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I’m a Doctor – Now What? Lessons from a First-Generation Scholar

Half asleep, I hit the alarm clock, which jolted me out of my sleep at 5:25 a.m. It was earlier than the time that I usually wake up, so I sunk back into my bed. Staring out the window in a contemplative daze, I realized today was the BIG day, my big day, which I dubbed JaeDay, May 24th, 2017.

For most people, this was just another day or quite possibly the beginning of a holiday weekend but for me, it was the beginning of my life as Dr. Janelle L. Williams. Will people call me Dr. Williams or something cool like Dr. Jae? Should I order new business cards immediately or wait until my old ones that I never used ran out? My mind continued to race and I thought about the elephant in the room. The number one question I was asked in the days leading to my dissertation defense was, “what are you going to do now?” My initial response was to relax. After all, I just completed 12 years of post-secondary education. I was already set to receive a promotion in my career and was simply waiting on my credentials to be conferred; I was content on where I was. My final answer was to explore life without being a student and to say goodbye to research forever.

To start my new path and new identity and to confirm to myself I did everything I was supposed to do, I decided to close out my last semester as a student by attending a conference for freshly minted doctoral students of color. I was interested in hearing the plans of my peers, those outside of my program and across the academia. One student, sharing his experience mentioned issues he had as a “first-generation doctor,” this was the first time I heard the term. Up and until that point, I never thought of myself as a first-generation college student, as both my mother (Temple University) and father (Central State University) attended college, but no one in my immediate family ventured past the bachelor’s degree. During a networking break, in a conversation with a seasoned faculty member about my next steps, he urged me to find a mentor, publish from my dissertation, and apply for a post-doctoral fellowship to build my research agenda within the next three years. I smiled and nodded politely, but inside, I crumbled because I had not given any thought to these next steps and felt immediately behind.

During the next few months, I reflected on the conversation and began to critically analyze how to make the suggestions work into my perfectly laid out plans of spending most of my time relaxing. I was also frustrated that no one in my program – faculty or students – mentioned these things before. I felt like I had to start all over, and accept that research found its way back into my life. In hindsight, attending the conference was the best decision I made as a young scholar.  In the year following the conference, I was able to identify a mentor who was instrumental in helping me publish multiple pieces from my dissertation, build my research agenda, and identify a post-doctoral fellowship. My mentor, a full professor, one of the leading scholars on Historically Black Colleges and Universities (HBCUs – my research area) and author of 25 books, was key to my understanding of the lay of the academy and the expectations within it. Though my parents are college educated, they were not able to give me the real time advice or career advancement support I needed to thrive in the academy. Most of their advice was two generations old, and times have drastically changed since they last stepped foot on a college campus.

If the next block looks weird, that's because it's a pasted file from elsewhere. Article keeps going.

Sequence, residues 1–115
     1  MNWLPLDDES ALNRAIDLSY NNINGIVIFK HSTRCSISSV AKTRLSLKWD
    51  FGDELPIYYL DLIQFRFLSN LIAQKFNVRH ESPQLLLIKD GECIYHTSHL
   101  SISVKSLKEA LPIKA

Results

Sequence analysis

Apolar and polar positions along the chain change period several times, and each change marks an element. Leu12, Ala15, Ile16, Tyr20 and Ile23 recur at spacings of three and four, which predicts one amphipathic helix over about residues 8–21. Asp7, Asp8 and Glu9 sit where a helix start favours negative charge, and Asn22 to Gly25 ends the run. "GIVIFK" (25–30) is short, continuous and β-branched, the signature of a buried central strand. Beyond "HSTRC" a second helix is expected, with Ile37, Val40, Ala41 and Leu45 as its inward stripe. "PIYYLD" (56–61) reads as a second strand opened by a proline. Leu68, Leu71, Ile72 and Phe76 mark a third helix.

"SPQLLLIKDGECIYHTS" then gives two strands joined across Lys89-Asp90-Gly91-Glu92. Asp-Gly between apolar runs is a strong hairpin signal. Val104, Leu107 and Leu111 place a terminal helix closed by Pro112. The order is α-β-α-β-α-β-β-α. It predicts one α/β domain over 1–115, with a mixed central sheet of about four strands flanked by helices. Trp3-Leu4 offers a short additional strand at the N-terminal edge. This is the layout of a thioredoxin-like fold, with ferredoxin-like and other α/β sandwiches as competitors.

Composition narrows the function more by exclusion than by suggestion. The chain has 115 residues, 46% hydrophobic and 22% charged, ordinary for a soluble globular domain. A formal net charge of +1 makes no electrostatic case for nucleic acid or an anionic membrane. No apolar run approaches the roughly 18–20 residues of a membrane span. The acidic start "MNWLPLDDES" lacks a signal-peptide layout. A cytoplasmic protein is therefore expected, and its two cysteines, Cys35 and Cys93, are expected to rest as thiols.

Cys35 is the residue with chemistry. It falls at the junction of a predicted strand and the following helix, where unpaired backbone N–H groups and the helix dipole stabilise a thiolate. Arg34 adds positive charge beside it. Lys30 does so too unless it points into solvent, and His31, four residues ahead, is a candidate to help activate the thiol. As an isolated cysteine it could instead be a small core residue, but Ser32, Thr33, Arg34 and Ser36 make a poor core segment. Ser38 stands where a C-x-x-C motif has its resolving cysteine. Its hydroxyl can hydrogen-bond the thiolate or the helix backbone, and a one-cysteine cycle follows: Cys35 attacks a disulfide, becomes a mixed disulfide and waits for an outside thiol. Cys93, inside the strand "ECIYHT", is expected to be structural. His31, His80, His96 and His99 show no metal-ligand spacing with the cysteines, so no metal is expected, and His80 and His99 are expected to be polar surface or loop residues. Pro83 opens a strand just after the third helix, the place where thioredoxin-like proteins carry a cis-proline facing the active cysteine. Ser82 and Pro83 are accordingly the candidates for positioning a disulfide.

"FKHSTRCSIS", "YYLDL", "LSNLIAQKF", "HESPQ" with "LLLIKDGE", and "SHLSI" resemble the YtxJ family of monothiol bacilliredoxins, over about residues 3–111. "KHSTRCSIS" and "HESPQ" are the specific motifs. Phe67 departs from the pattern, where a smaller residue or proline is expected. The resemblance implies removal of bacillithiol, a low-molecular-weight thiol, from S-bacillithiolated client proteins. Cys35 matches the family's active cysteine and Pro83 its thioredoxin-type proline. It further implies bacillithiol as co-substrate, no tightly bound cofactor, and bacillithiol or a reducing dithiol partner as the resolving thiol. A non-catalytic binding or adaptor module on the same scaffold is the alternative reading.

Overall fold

As I continue to navigate post-doctoral life, my advice for anyone who felt blindsided by expectations to continue excelling is to find a mentor in your field who believes in your potential, will take the time to support you, and push you to flourish through your next phase. Don’t limit your mentor search to your university or program and consider those who are not racially and ethnically similar to how you identify. Simply because you worked closely with your dissertation chair does not mean they are your mentor; they can be, but do not assume they will be. It also helps to approach your potential mentor with a plan of tasks you are seeking to accomplish. This helps the mentor determine if they have the capacity to assist you and whether or not they can identify resources in areas that fall outside of their purview.  Further, having more than one mentor can be beneficial as well. Similar to your dissertation committee, each mentor will have a different strength; tap into these strengths. Lastly, if you seek out a relationship with a mentor, follow up and never miss an appointment. Remember the plan you create, is your plan to execute, your mentor(s) can only assist, you must be willing to do the hard work.

As I enter into my second year of life as Dr. Williams, I feel more secure in the direction I’m heading, with the goals that I’ve laid out to achieve. To celebrate this milestone, I took my nephew to lunch. There, he asked me, “Are you really a doctor?” I chuckled and replied, “Yes.” He told me, “That’s cool – I’m going to be a doctor too.” At this point I realized, my children – when I have them – won’t be first-generation college students, or first-generation doctors – if that is the path they chose – but will be able to successfully navigate the path less traveled – the road to academia.

Dr. Janelle L. Williams is a visiting scholar at the Penn Center for Minority Serving Institutions at the University of Pennsylvania. You can follow her on Twitter @SincerelyDrJae

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